\ ˈō-mən \

Definition of omen 

: an occurrence or phenomenon (see phenomenon sense 1) believed to portend a future event : augury The dark clouds were considered a bad omen.

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Examples of omen in a Sentence

They regarded the win as a good omen for the team. omens of things to come

Recent Examples on the Web

But to Italian leaders, liberals and anti-fascist groups, Mr. Traini was a terrifying omen. Jason Horowitz, New York Times, "This Italian Town Once Welcomed Migrants. Now, It’s a Symbol for Right-Wing Politics," 7 July 2018 But to Italian leaders, liberals and antifascist groups, Traini was a terrifying omen. Jason Horowitz,, "Migrants were welcome in Macerata, before a murder," 7 July 2018 The raven, a bird that does not necessarily find universal favor, has achieved notoriety as an evil omen in Europe. John Schandelmeier, Anchorage Daily News, "Some words on birds and their impact on Alaska and the rest of the world," 24 June 2018 This is seen as a good omen in South Korea, where fortune-tellers and pregnant symbolism are held in high regard. The Economist, "Talks between America and North Korea might succeed—at a terrible price," 7 June 2018 Crows, not just in the Chinese culture but in all Asian cultures, represents death, omen, evil, dark. Joey Guerra, Houston Chronicle, "'Drag Race' queen Yuhua Hamasaki talks cultural differences and being a team player," 6 Apr. 2018 That could be a very big omen, a sign of a potentially more advanced, more meaningful life going on somewhere outside of the simple tribal warfare in the post-apocalypse that the AMC zombie series has had us witness. Steve Johnson,, "5 thoughts recapping Season 8, Episode 14 of 'The Walking Dead'," 2 Apr. 2018 This could prove to be a lucky omen for Brazil, who need a win to secure their qualification to the next round due to the tight nature of the Group E table., "World Cup Preview: Serbia vs Brazil - Recent Form, Predictions, Team News & More," 26 June 2018 That is a promising omen for ESG funds, also known as sustainable, impact, or socially responsible funds. Dan Weil, WSJ, "Do-Good Funds Finally Are Paying Off in Performance. Will It Last?," 6 May 2018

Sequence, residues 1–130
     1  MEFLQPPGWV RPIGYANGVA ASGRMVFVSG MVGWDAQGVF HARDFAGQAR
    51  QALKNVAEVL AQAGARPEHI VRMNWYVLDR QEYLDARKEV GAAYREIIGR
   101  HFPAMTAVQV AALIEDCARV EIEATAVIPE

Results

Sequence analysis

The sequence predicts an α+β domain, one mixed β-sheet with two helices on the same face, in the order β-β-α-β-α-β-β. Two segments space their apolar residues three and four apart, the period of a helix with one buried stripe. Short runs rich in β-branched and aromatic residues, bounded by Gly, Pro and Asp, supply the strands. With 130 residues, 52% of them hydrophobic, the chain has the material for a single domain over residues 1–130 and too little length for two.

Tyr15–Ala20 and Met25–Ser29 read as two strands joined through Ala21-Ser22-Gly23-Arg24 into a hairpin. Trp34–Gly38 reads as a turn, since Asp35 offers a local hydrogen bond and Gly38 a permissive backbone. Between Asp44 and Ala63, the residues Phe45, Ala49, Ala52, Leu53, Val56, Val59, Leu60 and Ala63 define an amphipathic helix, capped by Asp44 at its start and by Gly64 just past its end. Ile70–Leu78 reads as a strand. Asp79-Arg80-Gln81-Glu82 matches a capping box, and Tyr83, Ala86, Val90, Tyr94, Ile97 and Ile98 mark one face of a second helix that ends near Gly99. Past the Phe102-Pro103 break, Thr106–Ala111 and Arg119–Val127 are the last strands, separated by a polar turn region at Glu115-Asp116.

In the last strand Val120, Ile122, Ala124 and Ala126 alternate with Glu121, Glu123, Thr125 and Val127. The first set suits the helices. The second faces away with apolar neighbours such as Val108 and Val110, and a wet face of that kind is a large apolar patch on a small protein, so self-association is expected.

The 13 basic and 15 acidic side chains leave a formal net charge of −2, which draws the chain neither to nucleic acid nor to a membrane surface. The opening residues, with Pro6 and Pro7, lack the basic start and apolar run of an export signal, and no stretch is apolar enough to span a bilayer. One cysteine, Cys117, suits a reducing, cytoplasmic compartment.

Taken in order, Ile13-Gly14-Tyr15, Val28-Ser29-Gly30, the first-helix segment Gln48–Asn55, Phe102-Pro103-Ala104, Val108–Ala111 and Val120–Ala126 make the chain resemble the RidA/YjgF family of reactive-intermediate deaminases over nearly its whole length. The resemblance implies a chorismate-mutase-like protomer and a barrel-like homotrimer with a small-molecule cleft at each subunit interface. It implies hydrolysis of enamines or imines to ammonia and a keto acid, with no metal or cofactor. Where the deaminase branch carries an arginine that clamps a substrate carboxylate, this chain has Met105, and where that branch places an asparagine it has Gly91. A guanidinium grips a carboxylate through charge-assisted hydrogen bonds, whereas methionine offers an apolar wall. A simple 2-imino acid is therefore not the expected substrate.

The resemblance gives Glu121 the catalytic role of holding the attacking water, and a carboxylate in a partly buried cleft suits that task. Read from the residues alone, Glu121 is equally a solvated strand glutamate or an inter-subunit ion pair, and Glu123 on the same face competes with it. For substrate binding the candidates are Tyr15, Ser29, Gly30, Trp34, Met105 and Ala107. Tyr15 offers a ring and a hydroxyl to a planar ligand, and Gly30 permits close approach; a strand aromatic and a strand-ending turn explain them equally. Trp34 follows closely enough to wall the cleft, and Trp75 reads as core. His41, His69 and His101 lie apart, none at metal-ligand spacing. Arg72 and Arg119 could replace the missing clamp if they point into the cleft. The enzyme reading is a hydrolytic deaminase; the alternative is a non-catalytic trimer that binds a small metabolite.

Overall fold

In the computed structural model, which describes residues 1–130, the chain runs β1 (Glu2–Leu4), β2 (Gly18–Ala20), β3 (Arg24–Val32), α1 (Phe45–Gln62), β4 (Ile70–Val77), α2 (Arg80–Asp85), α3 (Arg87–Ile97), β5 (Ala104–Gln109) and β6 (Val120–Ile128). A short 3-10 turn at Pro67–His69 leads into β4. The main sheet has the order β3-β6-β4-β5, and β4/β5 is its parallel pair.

These example sentences are selected automatically from various online news sources to reflect current usage of the word 'omen.' Views expressed in the examples do not represent the opinion of Merriam-Webster or its editors. Send us feedback.

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First Known Use of omen

1582, in the meaning defined above

History and Etymology for omen

Latin omin-, omen

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Statistics for omen

Last Updated

11 Sep 2018

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Time Traveler for omen

The first known use of omen was in 1582

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English Language Learners Definition of omen

: something that is believed to be a sign or warning of something that will happen in the future


\ ˈō-mən \

Kids Definition of omen

: a happening believed to be a sign or warning of a future event

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Comments on omen

What made you want to look up omen? Please tell us where you read or heard it (including the quote, if possible).


occurring twice a year or every two years

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